aliter Deorum immortalium numen placari, arbitrantur.” Cæsar also observes, “ they compute the time by nights, not by days; and in the observance of birth-days, new moons, and the beginning of the year, always commence the celebration from the preceding night.” Thus, according to Cæsar, the Druids exercised supreme jurisdiction in all matters, both civil and ecclesiastical. The computation of time from evening

. to evening is the order of creation, (" and the evening and the morning”): and it is thus that the modern Jew calculates his new moons and his sabbaths--from sunset

:

to sunset. The sixth of the Noachidæ expressly enjoins the administration of justice. Tacitus, in his Annals,” says,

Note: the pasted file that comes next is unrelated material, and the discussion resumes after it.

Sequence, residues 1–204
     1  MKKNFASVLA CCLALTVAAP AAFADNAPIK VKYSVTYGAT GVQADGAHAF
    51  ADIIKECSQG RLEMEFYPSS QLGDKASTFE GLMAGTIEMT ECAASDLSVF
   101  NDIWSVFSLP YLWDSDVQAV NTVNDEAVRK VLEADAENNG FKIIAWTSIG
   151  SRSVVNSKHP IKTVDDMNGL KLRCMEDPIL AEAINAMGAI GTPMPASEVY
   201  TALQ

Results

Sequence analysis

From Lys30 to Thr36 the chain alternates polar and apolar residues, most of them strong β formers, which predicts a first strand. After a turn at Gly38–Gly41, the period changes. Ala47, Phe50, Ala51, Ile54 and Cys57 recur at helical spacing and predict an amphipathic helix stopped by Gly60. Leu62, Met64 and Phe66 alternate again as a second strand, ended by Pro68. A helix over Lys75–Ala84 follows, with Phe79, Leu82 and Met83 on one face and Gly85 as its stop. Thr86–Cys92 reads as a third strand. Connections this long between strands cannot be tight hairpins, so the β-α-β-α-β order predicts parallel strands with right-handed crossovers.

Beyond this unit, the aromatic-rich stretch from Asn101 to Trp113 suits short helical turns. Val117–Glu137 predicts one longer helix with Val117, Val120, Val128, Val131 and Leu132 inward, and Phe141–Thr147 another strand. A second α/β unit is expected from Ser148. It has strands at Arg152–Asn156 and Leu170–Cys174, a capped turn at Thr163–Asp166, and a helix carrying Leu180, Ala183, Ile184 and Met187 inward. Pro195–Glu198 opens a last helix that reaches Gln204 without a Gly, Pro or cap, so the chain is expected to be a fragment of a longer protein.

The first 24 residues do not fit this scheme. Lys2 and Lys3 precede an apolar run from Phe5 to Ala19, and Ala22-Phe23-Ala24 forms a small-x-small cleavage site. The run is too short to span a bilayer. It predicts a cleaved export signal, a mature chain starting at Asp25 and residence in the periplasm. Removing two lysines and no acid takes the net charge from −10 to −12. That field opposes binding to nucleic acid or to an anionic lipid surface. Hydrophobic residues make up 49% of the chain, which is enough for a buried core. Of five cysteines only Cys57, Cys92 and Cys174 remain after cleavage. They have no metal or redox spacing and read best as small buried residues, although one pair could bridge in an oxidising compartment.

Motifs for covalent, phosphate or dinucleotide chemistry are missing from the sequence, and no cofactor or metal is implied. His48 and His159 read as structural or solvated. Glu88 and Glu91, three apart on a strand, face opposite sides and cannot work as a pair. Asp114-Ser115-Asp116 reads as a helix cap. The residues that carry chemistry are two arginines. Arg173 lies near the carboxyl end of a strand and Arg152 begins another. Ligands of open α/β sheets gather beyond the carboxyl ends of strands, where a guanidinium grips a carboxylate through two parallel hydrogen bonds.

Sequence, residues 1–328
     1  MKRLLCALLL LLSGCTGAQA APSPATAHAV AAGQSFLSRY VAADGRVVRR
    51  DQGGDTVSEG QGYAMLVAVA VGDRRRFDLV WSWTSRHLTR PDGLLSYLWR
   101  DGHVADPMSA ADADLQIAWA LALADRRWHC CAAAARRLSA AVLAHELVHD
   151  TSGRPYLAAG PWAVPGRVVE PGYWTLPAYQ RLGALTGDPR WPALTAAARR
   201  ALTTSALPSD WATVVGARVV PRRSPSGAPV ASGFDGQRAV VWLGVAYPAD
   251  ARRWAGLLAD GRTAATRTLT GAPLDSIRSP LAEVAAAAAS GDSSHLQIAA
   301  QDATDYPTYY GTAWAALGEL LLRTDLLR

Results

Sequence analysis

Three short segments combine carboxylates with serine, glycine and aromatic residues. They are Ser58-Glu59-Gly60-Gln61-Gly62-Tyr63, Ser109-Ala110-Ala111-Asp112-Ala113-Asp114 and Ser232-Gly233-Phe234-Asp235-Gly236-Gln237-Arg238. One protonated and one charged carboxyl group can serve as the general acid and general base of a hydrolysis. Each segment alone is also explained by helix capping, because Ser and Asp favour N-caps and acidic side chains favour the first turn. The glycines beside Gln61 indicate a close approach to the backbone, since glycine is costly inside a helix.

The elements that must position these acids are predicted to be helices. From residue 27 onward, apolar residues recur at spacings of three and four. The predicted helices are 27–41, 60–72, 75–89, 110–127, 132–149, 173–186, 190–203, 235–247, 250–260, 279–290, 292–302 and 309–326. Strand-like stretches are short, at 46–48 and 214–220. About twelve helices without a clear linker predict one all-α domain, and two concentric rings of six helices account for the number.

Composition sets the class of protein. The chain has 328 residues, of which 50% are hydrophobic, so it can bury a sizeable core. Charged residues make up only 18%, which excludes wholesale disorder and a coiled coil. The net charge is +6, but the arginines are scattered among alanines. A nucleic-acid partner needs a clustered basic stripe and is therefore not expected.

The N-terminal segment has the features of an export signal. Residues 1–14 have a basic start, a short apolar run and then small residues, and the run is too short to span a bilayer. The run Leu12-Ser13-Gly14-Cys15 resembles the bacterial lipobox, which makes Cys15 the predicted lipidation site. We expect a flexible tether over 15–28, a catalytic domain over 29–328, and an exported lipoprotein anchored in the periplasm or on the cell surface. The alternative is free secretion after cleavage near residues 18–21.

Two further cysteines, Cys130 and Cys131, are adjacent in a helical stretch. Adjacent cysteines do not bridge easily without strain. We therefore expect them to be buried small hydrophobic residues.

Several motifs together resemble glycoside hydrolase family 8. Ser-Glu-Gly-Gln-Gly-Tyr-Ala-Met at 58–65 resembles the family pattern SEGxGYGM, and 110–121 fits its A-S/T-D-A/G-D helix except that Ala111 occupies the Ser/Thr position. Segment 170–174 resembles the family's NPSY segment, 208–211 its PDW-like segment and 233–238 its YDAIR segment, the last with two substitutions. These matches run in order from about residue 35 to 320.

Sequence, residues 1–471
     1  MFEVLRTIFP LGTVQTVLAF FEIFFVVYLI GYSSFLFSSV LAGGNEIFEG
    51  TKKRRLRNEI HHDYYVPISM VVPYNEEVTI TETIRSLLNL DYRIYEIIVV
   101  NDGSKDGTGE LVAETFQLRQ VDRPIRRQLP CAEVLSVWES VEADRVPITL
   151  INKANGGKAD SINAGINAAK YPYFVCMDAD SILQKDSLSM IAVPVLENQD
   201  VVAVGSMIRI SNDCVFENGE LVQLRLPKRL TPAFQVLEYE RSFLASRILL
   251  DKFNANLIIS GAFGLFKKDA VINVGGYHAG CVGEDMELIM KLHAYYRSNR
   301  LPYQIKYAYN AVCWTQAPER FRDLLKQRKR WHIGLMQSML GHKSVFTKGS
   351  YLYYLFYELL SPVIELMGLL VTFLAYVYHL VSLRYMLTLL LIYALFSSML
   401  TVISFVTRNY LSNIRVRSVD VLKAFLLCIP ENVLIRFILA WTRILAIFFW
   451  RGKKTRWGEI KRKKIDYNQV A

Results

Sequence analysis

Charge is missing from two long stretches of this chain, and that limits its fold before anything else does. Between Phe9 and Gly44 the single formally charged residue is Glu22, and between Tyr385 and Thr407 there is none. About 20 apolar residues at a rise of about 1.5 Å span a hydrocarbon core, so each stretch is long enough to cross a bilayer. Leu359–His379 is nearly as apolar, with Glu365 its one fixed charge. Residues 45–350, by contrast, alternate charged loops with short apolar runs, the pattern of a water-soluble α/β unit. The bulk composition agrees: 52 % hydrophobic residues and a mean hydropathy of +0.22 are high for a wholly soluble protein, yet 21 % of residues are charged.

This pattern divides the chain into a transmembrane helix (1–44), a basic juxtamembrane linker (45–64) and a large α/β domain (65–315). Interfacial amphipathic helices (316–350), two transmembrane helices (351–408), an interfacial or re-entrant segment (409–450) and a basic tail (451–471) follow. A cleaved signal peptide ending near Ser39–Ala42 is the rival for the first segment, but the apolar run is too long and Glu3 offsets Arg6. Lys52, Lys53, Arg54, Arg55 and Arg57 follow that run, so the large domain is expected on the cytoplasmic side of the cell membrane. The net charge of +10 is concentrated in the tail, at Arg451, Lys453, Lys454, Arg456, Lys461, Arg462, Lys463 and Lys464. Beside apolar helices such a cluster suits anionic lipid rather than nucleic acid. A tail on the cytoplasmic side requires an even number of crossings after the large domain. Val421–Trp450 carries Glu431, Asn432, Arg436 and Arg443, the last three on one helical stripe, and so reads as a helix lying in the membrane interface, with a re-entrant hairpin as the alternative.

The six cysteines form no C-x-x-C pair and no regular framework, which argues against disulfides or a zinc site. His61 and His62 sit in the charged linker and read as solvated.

in reference to the Druids, on the invasion of Britain by the Romans, “a garrison was thereafter established over the vanquished, and the groves cut down by them, dedicated to sanguinary and detestable superstitions : for there they sacrificed captives, and upon their altars, as an oblation, spilled human blood." There, in order to discover the will of the gods, they consulted the entrails of men : practices of cruelty accounted holy by them.” With the authorities of Cæsar and Tacitus we cannot rescue these aborigines of Britain from the charge of offering up human sacrifices, though some have endeavoured to exculpate them. In this respect there is, we fear, too close a resemblance to similar horrid practices in Ancient Mexico. We shudder at the terrific idols of the Aztecks, the gods of Montezuma: well, indeed, might a moloch, that required such holocausts of human victims, be called Tetzahuit), or the terrific. The Budhist demon that haunted the tombs, and lived upon the dead, seems the very zero of ferocity compared with this personification of horror. Compared, indeed, with the ferocity of the ancient priests of Mexico, that of the tiger and the condor seems gentle and merciful. Grove worship is, as we have stated, attributed to the Druids by Lucan; and Tacitus tells us that the groves were cut down. We examined a place of this kind, near Penrith; and the gigantic pillars in its enclosure clearly determined, in our opinion, the use to which it had once been appropriated. Successive ages had witnessed the repeated fall of the hamadryads of the forest; but their scions had perpetuated their woodland ancestry. Whether Druidical worship was connected with pyrolatry, we have no datum to determine: that it embraced Tsabaism, or the worship of the host of heaven, seems clear from Cæsar : and in the Volume of Truth we find how prone men were “to depart from the living God," to worship the T'sebaoth, instead of Him who made them, The JEHOVAH TSEBAOTH,~" The Lord of Hosts.” This